Wednesday 28 October 2015 3:05pm
Michael Harlow has won the Kathleen Grattan Poetry Award 2015 with his collection of poems Nothing For It But To Sing.
‘Michael Harlow’s poems,’ says Emma Neale, judge of this year’s Grattan Award, ‘are small detonations that release deeply complex stories of psychological separations and attractions, of memory and desire. This is a poet with such a command of music, the dart and turn of movement in language, that he can get away with words that make us squirm in apprentice workshops or bad pop songs – heart, soul – and make them seem newly shone and psychically right.’
On hearing the news Michael Harlow said, ‘I’m absolutely delighted particularly because it involves publication with Otago University Press. It will be wonderful to be on the OUP list.’ Michael was at a World Poetry Festival in Romania when he received the news. Commenting on the $10,000 award money he said, ‘it will buy time – the thing that all writers need. I’m planning to use the time to work on a book of prose poems.’
The award attracted 109 entries. Six poets were highly commended: Hannah Mettner, Elizabeth Morton, David Howard, Nick Ascroft, Alice Miller and Victoria Broome.
The Kathleen Grattan Award is one of the richest poetry prizes in New Zealand. Otago University Press accepts the winning manuscript for publication and the winner also receives a year’s subscription to Landfall. Auckland poet Kathleen Grattan, a journalist and former editor of the New Zealand Woman's Weekly, died in 1990. Her daughter Jocelyn Grattan, who also worked for Woman's Weekly, shared her mother’s love of literature. Jocelyn generously left Landfall a bequest with which to establish an award in memory of her mother. Previous winners are Joanna Preston (The Summer King, 2008); Leigh Davis (Stunning Debut of the Repairing of a Life, 2009); Jennifer Compton (The City, 2010); Emma Neale (The Truth Garden, 2011) and Siobhan Harvey (Cloudboy, 2013). The biennial award will next be granted in 2017.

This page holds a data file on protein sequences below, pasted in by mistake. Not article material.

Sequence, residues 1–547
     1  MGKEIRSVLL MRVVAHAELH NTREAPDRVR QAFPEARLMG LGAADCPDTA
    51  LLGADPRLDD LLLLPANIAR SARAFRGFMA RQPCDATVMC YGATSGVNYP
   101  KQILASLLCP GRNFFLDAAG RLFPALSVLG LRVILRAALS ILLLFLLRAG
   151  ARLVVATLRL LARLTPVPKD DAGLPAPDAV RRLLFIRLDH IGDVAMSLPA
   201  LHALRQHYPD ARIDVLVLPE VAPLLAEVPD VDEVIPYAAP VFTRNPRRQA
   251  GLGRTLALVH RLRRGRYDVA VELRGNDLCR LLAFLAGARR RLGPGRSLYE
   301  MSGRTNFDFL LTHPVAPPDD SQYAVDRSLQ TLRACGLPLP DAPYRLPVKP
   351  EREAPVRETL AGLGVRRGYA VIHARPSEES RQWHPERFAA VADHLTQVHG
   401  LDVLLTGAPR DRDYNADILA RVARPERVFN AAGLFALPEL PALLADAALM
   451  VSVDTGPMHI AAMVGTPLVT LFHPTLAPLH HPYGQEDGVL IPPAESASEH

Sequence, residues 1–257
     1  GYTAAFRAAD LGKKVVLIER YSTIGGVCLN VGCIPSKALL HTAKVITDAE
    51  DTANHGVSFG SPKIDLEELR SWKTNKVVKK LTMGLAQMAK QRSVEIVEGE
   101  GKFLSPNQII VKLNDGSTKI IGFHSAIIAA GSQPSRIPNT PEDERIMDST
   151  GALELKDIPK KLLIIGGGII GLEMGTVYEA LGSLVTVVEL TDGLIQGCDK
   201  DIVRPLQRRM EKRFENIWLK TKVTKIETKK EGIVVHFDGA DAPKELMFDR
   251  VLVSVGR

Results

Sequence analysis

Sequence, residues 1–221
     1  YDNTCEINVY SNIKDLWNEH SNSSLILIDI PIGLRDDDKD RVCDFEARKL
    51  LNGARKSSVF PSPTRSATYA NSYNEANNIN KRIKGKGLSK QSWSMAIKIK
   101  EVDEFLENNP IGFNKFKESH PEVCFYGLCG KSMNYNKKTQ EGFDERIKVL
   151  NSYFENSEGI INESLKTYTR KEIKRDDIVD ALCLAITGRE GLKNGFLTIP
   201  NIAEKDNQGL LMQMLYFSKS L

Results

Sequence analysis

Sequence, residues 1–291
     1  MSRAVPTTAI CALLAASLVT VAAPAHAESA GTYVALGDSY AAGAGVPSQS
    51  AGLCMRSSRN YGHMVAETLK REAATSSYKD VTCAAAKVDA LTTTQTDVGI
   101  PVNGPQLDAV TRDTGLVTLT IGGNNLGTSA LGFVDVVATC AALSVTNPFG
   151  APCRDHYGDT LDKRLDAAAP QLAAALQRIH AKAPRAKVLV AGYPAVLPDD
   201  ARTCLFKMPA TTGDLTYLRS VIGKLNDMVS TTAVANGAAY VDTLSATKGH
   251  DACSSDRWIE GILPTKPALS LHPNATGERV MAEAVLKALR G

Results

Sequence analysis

About Michael Harlow
Michael Harlow has published ten books of poetry: Giotto's Elephant (AUP, 1991) and The Tram Conductor’s Blue Cap (AUP, 2009) were both finalists in the national book awards. Harlow has held numerous fellowships and residencies including the Katherine Mansfield Fellowship and the Burns Fellowship. In 2014 he was awarded the prestigious Lauris Edmond Memorial Award for Distinguished Contribution to New Zealand Poetry. This year (2015) he received the Beatson Fellowship for writers. Michael Harlow lives and works as a writer, editor and Jungian therapist in Alexandra, Central Otago.